An example of a lack of internal controls with a disastrous result was the bond trading loss in the New York Office of Daiwa Bank in 2015. Over 11 years 30,000 unauthorized trades were made resulting in a $1.1 billion loss (an average of $400,000 in losses for every trading day). Daiwa allowed Toshihide Iguchi, a bond trader, to authorize sales, have custody of the bond assets, and record these transactions. As a novice trader, Iguchi misjudged the bond market, racking up a $200,000 loss. To raise cash to pay Daiwa’s brokers, Iguchi would order Bankers Trust New York to sell bonds held in Daiwa’s account. The statements from Banker’s Trust came to Iguchi who forged duplicates, complete with bond numbers and maturity dates, to make it look as if Banker’s Trust still held the bonds he had sold. When he confessed to his misdeeds, the Daiwa thought their bond account was $4.6 billion when in fact only $3.5 billion was left. Inadequate review of internal controls was also to blame. Daiwa’s internal auditors had reviewed the New York branch several times since the fraud began, but Banker’s Trust was never contacted for confirmation of Daiwa’s bank statements. If they had, Iguchi’s fraud would have been exposed. Diawa’s external auditor never audited the New York branch.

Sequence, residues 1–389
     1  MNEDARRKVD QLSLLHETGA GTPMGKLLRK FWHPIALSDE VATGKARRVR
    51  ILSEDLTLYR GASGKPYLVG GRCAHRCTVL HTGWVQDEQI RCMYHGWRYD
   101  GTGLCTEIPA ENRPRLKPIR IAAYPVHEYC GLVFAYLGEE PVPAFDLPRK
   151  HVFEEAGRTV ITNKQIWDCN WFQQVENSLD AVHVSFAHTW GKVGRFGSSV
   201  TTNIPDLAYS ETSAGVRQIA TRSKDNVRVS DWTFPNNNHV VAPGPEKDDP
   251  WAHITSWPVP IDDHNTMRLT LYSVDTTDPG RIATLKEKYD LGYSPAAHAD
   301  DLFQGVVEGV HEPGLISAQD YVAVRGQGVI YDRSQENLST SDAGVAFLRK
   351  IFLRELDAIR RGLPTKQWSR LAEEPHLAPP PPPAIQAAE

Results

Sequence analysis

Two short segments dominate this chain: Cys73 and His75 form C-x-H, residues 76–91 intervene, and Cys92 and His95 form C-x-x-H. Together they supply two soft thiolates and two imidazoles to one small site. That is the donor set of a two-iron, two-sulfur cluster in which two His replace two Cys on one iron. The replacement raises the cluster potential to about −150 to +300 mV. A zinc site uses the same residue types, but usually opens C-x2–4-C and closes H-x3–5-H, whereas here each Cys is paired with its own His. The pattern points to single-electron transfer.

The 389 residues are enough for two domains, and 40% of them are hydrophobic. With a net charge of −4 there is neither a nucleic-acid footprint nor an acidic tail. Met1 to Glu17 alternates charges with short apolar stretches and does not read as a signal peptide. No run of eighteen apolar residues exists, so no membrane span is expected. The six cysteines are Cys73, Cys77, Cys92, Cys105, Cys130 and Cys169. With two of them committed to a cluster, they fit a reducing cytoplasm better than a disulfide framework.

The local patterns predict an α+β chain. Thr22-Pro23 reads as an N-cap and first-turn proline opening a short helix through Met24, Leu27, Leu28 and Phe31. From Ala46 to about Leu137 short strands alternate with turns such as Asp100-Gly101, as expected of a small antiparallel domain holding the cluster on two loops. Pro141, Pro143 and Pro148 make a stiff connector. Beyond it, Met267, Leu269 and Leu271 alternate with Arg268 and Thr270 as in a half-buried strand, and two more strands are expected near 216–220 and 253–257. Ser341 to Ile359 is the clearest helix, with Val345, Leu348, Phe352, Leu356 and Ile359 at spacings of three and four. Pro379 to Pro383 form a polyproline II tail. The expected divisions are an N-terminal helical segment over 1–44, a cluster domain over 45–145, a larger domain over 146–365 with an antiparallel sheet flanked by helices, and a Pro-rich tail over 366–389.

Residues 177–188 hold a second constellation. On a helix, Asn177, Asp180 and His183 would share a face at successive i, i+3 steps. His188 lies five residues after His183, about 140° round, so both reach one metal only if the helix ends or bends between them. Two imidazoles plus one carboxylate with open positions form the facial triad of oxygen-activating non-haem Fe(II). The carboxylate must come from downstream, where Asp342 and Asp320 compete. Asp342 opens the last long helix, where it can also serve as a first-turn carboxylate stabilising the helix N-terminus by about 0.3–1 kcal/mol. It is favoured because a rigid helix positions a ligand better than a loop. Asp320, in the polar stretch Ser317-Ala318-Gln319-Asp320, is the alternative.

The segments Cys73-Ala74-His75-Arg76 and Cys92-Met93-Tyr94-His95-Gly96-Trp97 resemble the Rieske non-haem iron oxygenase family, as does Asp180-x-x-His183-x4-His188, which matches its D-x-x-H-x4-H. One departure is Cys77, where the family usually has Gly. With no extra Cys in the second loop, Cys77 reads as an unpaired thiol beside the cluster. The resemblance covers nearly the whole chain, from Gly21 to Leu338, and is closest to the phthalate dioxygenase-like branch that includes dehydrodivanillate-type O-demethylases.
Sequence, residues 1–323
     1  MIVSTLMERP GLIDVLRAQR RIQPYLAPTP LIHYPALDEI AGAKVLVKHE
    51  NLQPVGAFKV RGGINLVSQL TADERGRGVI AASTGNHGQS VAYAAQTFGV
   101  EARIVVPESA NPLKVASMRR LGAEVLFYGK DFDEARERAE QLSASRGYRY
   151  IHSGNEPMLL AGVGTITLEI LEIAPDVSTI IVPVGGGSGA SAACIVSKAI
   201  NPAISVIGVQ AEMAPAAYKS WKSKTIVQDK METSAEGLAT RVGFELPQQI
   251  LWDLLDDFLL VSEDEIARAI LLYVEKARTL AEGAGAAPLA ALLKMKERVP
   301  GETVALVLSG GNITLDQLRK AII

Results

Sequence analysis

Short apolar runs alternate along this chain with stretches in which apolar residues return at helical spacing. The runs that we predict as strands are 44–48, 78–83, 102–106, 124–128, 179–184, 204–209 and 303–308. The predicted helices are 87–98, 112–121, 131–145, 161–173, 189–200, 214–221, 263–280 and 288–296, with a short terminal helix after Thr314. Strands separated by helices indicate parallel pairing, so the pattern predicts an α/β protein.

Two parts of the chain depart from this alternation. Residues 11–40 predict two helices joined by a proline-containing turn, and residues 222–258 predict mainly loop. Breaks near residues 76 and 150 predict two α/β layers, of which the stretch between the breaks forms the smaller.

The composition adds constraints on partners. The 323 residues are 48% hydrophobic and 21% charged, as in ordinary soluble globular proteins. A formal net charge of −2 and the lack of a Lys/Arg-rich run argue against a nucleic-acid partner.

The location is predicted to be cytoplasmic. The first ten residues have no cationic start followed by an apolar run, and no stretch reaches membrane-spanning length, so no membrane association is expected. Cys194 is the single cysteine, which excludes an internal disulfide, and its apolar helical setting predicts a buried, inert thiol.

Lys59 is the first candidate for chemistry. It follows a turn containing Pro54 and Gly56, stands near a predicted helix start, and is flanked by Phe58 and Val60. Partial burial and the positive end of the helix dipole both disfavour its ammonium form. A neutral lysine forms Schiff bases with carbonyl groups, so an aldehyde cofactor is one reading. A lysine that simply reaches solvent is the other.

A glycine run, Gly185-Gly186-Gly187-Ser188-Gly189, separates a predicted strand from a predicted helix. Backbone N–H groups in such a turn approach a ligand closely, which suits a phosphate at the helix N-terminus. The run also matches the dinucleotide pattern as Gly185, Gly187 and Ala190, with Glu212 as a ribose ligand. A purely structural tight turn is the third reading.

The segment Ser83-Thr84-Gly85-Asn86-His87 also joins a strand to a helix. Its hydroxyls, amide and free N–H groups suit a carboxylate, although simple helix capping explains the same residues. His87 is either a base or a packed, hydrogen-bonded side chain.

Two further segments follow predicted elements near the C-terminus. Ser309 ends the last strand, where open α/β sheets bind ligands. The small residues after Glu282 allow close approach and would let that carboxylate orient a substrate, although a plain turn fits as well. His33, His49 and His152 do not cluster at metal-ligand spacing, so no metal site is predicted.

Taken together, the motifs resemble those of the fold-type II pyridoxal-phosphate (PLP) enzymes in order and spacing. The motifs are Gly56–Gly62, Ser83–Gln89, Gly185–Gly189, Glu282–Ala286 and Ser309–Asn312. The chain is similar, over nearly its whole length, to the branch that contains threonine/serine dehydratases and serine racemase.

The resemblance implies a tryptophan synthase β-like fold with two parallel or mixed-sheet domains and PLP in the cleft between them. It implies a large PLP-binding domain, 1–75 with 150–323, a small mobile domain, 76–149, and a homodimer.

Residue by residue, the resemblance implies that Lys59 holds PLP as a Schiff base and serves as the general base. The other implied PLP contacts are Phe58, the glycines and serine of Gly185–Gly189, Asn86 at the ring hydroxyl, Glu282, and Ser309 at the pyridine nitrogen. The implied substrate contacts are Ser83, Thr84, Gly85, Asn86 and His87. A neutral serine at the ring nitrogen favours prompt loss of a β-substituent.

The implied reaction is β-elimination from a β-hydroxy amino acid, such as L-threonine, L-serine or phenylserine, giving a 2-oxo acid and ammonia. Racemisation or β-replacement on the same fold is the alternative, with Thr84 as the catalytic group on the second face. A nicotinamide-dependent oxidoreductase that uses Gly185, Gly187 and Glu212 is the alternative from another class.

- What type of control procedures were ignored at Daiwa?
- For each internal control procedure missing, what damage was caused?
- What kind of controls could have been instituted that would have prevented the problems at Daiwa?
- For each of the five internal control procedures discussed above, applying each to a bank trading operation, identify a specific error that is likely to be prevented if the procedure exists and is effective.
- For each of the five internal control procedures discussed in this chapter, applying each to a bank trading operation, list a specific intentional or unintentional error that might result from the absence of the control.